The Painter Behind Tattoos of Babes Battling Ferocious Beasts

The Painter Behind Tattoos of Babes Battling Ferocious Beasts

Frank Frazetta’s art work has ventured from the covers of paperback fantasy novels into the world of tattoos.

Every time you see a tattoo of a ridiculously buxom valkyrie or insanely muscular viking slaying some fearsome saber-toothed tiger, the genius of Frank Frazetta is probably lurking somewhere in the background. Frazetta’s visual art helped give shape to the outlandish characters of comics, novels, and other forms of popular entertainment. His geeky, yet sexy, work is so robust that it’s leapt, like a fearless warrior into battle, from movie posters and book covers into the fantastical realm of body art.

Frazetta was somewhat of a prodigy, starting to draw as young as two years old and entering into the Brooklyn Academy of Fine Arts at the tender age of eight. By 16, he was already doing comic book illustration for numerous publications, creating imagery for fantasies, westerns, sci-fi odysseys, and historical parodies. Some of his most outstanding early work are his humorous illustrations for animal comics, which he signed with the pen name “Fritz.” It wasn’t until two decades later, however, that Frazetta got his big break. After his portrait of Ringo Starr in Mad magazine caught the attention of United Artists studio, he was invited to do the poster for the film What’s New Pussycat?, which launched him into the limelight of American pop culture.

Frazetta's work in the film industry was a driving force behind his commercial success, but he is perhaps best remembered for the paintings he did for covers of schlocky paperback novels. His depictions of Robert E. Howard’s Conan and Edgar Rice Burrough’s Tarzan (and don’t forget Jane; who could forget Jane in her leopard-skin bikini?) helped define what these heroes looked like in the minds of fantasy and sci-fi fans everywhere. His illustrations are a provocative mixture of unbridled adventure, anachronistic futurism, and very raw sexuality. In short, it was the perfect sort of imagery to attract the gaze of connoisseurs of genre fiction, and this is ultimately what led to his immense critical acclaim.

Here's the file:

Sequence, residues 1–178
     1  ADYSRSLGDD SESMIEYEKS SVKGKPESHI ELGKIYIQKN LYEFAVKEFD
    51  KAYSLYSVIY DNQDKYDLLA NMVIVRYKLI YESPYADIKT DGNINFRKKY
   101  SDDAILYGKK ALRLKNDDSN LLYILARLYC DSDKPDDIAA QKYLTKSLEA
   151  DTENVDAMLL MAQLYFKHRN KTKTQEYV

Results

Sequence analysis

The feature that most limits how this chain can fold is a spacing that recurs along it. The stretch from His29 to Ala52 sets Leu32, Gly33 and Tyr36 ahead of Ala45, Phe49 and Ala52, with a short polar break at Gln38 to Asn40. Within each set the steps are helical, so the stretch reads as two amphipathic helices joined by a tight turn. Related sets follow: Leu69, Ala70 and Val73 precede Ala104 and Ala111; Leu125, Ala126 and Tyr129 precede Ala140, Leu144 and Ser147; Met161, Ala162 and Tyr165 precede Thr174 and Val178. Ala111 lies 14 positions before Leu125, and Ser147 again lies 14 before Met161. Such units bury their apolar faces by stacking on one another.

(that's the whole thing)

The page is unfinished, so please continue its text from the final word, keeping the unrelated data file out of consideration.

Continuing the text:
Because of their risque subject matter and widespread popularity, Frazetta’s paintings were destined to eventually inspire tattooists. In each of these pieces, you can see the vestiges of Frazetta’s wild art work. Valerie Vargas and Sheila Marcello channel his ability to create characters with a strong sense of personality, not to mention that these ladies also have a penchant for rendering female figures with extremely curvy features. Artists like Ben Siebert and Justin Weatherholtz, on the other hand, emulate the dramatic sense of movement found in Frazetta’s compositions. A few artists out there, such as Rob Noseworthy, seem to prefer his masculine imagery, depicting warriors and barbarian that have the same feeling of uncaged masculinity.

To see more tattoos that channel the bodacious and adventurous aesthetic of Frazetta’s art work, make sure to follow these tattooists on Instagram. If you want your own depiction of a babe in a loincloth wrestling a dragon or a ripped barbarian driving his enemies before him, have one of them design a Frazetta-inspired piece for you.

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